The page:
GRAINS-Wheat, corn, soy consolidate after earlier gains

* Wheat off one-week high after global harvest worries

* Corn and soybeans ease after two-week tops

* Market awaits U.S. corn crop, eyes Chinese soy demand (New throughout; updates byline, dateline previously PARIS/CANBERRA)

By Christopher Walljasper

CHICAGO, Sept 17 (Reuters) - Chicago soybeans, corn and wheat eased on Friday as the markets consolidated after earlier gains, pressured by a progressing American harvest and limited exports at hurricane-damaged U.S. Gulf export terminals.

The most-active soybean futures on the Chicago Board of Trade fell 11-1/2 cents to $12.84-1/2 a bushel, as of 11:40 a.m. (1640 GMT), erasing earlier weekly gains.

CBOT corn futures lost 3-1/2 cents to $5.26 a bushel while wheat futures eased 4 cents to $7.09 a bushel, poised for a 3% weekly gain.

Soybeans led the complex, falling as favorable weather indicates strong harvest progress through the weekend, while exports remain capped by terminals in the U.S. Gulf that continue to struggle with power outages and hurricane damage as the country heads into its busiest export season.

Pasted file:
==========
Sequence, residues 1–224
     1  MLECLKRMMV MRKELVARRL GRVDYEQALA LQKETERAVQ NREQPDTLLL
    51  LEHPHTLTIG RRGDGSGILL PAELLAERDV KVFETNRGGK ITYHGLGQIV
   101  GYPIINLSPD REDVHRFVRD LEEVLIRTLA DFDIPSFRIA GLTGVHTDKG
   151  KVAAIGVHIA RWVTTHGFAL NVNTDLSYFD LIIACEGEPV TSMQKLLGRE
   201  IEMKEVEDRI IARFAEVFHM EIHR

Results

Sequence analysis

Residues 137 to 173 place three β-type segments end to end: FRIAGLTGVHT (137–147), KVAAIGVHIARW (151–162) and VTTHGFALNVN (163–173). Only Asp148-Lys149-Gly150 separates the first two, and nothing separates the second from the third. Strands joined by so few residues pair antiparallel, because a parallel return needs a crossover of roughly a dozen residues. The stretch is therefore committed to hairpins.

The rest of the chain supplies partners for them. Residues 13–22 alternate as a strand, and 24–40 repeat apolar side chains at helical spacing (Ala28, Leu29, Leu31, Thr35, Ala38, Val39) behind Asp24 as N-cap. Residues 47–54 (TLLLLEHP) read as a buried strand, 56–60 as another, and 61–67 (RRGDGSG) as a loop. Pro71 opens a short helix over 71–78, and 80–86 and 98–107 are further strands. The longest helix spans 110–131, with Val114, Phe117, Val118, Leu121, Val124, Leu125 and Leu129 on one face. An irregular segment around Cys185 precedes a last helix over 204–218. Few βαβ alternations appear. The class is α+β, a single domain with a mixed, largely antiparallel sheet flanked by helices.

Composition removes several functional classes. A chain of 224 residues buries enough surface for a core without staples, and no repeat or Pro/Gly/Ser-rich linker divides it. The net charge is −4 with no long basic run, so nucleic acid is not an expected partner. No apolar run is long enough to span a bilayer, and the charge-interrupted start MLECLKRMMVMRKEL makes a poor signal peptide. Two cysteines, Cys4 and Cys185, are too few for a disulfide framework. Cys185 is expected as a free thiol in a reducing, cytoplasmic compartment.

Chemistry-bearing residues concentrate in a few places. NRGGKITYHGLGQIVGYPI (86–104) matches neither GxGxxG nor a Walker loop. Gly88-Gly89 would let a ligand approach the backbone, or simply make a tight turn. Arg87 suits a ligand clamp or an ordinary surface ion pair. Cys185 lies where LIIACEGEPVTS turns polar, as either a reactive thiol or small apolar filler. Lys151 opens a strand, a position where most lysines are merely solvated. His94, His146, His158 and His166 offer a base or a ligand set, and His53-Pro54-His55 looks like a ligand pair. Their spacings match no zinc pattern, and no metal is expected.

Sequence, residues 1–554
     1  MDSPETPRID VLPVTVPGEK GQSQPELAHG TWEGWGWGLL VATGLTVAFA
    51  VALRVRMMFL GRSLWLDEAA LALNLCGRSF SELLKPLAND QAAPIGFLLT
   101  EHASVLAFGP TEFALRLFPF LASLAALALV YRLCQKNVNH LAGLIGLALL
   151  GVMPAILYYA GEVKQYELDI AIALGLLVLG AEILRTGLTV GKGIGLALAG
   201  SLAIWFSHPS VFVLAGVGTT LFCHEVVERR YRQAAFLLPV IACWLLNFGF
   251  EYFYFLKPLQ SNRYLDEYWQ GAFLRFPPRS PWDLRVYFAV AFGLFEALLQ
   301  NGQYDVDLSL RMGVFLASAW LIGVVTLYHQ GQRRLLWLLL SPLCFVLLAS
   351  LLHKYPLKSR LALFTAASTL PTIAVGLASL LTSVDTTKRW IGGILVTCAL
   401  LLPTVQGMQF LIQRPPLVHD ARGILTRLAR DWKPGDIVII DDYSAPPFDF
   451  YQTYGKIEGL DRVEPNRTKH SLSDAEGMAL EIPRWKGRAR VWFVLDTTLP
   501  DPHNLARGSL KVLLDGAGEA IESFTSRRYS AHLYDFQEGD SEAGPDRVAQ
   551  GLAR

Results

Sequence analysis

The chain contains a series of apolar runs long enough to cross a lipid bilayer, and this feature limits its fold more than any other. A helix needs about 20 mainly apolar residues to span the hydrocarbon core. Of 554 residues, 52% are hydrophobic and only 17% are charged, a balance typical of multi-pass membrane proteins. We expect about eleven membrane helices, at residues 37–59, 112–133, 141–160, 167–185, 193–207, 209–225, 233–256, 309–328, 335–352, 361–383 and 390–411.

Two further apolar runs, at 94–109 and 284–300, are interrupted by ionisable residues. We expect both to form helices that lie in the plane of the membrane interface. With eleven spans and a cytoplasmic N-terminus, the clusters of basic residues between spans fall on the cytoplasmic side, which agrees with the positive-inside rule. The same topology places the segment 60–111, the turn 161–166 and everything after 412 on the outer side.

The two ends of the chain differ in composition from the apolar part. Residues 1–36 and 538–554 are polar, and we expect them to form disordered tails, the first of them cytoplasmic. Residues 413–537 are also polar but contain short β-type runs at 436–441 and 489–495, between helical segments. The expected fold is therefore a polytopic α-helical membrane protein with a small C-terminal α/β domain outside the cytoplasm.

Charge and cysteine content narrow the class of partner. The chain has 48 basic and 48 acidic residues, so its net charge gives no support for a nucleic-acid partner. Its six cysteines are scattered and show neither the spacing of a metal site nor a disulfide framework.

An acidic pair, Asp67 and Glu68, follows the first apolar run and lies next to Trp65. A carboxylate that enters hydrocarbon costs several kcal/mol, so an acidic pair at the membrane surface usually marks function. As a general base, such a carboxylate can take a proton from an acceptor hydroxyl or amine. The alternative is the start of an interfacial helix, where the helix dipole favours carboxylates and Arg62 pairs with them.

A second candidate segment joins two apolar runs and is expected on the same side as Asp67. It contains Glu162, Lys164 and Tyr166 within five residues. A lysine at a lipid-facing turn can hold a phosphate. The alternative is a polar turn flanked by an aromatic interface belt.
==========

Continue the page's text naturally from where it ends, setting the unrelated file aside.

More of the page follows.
"The export picture is not favorable right now, until we get those exports at the gulf moving up," said Mike Zuzolo, president of Global Commodity Analytics. "It's a very crucial two weeks, because it's our prime selling."

Wheat offered support, unaffected by harvest pressure, though Australia's second consecutive bumper crop nears harvest, which could ease tight global supplies.

Attention shifted to supply risks this week after a lower-than-expected official estimate of Canada's drought-affected harvest, as well as reduced estimates of French and European Union crops and expectations for a fall in winter wheat sowings in Russia.

"We've already seen considerable strength," said Arlan Suderman, chief commodities economist at StoneX. "Wheat is taking the opportunity to do a little profit-taking of its own."

Corn losses were limited as harvest yields in parts of the Eastern corn belt have lagged expectation, Suderman added.

"That was the region we were counting on to make up for losses in the Northwestern belt, where drought was a problem this summer," he said. "Yields have been coming in a little below expectations." (Reporting by Christopher Walljasper; Additional reporting by Gus Trompiz in Paris and Colin Packham Canberra; Editing by Pravin Char)

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